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And with very great Reason hath St. Taul given this Caution to rich Men. For by the Experience of the "World, it hath been always found, that Wealth is apt to puff up, to make Men look big, and to breed in them a Contempt of others; but what little Ground there is for this, is easily seen by any that will give themselves leave to consider.

For what doth any of these worldly Goods (which make us keep at distance) really add to a Man in point of true Worth and Value? Do they either recommend him more to God or to wife Men, or fcven to himself if he have a Grain os Sense in him, than if he was without them? Certainly they do not. For that for which either God approves us, or wile Men esteem us, or we can speak Peace and Content to ourselves, is not any Thing without us, any Thing that Fortune hath given to us j but something that we may more truly call our own; something that we were neither born with, nor could any Body hinder us of, nor can be taken from us; that is to fay, the Riches of our Minds, our vertuous and commendable Qualities.

A Man is no more a fit Object of Esteem, merely for being rich, than the Beast he rides on {if I may use the old Comparisons is of Commendation for the costly Trappings he wears.

Secondly, Another Caution given to those that are rich in this World, is, that they Jhould not trust in uncertain Riches. This likewise is a Temptation to which they are exposed, and

our our Savioor hath very lively set it forth to us in the Parable.of the Rich Man in theGoipeii who having got mighty Possessions, and filled his Barns, thought of. nothing farther.;' but

i?1*"' •Prcscntly saitst t0 himself, Soul, take thy Eajh, 1' "' eat, drink,, and be merry, sur thou haft-.Goods laid up for many Tears: But the Conclusion of that Parable doth sufficiently sliew the Vanity and R idiculousncfs of this prujling in our Riches; for a Message comes to. hirst from God, Thop Fool, this iiight (hall thy Soul be required of sheet, and then who/e shall all the/e things be that thou hast propped? It is the greatest Madness in the World to please, or fpeaic; Peace to ourselves upon Account of that, which we are ndti sure to enjoy a Day, but we may, for any thing we know, be snatch'd away the next Moment into another World, and so must leave the Joy and Pride of our Hearts to we know not whom. , j .: , .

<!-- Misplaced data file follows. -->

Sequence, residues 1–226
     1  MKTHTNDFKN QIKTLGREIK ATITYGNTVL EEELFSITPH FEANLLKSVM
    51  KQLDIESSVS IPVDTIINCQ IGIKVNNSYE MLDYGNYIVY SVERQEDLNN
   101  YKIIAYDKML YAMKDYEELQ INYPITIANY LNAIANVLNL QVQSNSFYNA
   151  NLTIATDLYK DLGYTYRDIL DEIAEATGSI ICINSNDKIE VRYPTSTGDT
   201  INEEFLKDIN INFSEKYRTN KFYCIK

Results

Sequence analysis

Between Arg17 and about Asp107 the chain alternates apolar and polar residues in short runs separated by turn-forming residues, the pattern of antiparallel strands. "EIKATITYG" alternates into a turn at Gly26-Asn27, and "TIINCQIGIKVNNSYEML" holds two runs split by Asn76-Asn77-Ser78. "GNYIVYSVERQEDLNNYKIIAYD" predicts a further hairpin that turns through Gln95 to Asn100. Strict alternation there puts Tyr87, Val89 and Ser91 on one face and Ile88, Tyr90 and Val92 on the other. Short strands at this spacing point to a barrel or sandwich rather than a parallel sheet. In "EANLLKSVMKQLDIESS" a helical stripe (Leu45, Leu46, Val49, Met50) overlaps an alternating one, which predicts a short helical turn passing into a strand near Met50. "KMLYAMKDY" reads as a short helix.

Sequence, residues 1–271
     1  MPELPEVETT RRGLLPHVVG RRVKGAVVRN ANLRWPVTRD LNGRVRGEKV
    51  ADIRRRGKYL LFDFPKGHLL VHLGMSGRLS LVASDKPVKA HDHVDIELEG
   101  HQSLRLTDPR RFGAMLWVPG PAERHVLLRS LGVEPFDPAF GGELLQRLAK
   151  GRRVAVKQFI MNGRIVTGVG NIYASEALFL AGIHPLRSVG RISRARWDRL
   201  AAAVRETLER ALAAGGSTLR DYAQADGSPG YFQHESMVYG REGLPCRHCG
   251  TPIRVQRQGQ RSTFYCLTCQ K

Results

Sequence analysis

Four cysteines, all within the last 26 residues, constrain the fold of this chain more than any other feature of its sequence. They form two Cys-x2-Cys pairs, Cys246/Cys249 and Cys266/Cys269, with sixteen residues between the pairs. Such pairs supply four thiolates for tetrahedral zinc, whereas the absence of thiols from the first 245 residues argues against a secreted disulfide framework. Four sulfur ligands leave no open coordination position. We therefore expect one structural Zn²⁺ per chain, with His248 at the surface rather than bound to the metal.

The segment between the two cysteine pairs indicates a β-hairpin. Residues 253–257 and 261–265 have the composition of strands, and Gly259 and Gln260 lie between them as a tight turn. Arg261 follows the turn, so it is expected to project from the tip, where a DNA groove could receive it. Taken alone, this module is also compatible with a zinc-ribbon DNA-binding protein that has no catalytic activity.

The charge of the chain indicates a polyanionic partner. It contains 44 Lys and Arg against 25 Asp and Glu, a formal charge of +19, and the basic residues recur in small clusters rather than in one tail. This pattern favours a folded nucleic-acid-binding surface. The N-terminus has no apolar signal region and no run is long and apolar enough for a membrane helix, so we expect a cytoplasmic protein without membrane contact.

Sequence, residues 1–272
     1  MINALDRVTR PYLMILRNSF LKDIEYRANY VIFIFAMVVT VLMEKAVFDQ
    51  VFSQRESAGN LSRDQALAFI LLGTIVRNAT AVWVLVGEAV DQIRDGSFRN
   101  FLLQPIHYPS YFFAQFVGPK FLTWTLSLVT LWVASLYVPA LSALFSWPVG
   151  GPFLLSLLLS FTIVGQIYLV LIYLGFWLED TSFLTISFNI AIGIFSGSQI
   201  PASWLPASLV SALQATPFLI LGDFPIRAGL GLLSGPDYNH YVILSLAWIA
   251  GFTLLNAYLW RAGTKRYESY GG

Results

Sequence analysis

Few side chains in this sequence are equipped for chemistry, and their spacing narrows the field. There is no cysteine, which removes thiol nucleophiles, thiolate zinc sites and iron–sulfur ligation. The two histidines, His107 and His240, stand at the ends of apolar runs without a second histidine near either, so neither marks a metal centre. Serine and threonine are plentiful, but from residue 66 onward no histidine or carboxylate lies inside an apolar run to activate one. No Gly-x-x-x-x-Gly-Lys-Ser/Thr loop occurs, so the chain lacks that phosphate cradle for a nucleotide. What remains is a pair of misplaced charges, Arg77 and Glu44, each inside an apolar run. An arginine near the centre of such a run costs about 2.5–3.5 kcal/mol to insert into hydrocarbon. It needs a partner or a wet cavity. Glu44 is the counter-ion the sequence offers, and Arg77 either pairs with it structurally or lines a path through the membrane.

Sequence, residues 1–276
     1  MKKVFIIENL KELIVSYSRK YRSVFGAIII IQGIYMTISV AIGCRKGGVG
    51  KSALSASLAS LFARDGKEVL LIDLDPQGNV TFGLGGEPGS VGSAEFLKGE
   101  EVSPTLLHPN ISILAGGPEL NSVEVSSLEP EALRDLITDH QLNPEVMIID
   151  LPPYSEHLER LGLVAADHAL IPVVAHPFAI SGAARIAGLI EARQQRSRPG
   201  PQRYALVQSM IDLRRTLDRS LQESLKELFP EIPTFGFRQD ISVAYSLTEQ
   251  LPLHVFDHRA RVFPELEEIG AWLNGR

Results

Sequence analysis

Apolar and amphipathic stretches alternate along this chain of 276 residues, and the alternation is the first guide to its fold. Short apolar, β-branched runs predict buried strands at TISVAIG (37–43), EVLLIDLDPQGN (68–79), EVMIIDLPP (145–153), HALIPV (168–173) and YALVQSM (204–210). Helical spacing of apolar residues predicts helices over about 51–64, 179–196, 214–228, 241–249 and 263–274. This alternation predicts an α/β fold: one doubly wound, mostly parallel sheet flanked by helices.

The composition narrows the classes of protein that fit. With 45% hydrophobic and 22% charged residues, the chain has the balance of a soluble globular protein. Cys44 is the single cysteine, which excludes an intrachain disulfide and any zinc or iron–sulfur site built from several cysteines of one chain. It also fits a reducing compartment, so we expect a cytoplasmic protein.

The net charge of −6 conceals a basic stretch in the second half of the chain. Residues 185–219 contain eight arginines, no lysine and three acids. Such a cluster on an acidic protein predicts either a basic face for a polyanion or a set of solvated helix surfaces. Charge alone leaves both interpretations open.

- : But supposing we had some Certainty of our Iiives,. and could promise ourselves, that we stiould not leave our Wealth for some compc* tent Time, yet we have no Certainty that our Wealth will not leave us. How prosperous soever our present Circumstances be, yes. we cannot ensure the Continuance of them; there arc a Thousand Accidents, may, happen every Day, which may strip us as naked as when we came into the World; and we may be reduced to ,the Extremities of those who arc now the greatest Objects of our Compassion and Charity; and this is that which St. Waul jn the Text insinuates Xi when he calls thent

uncertain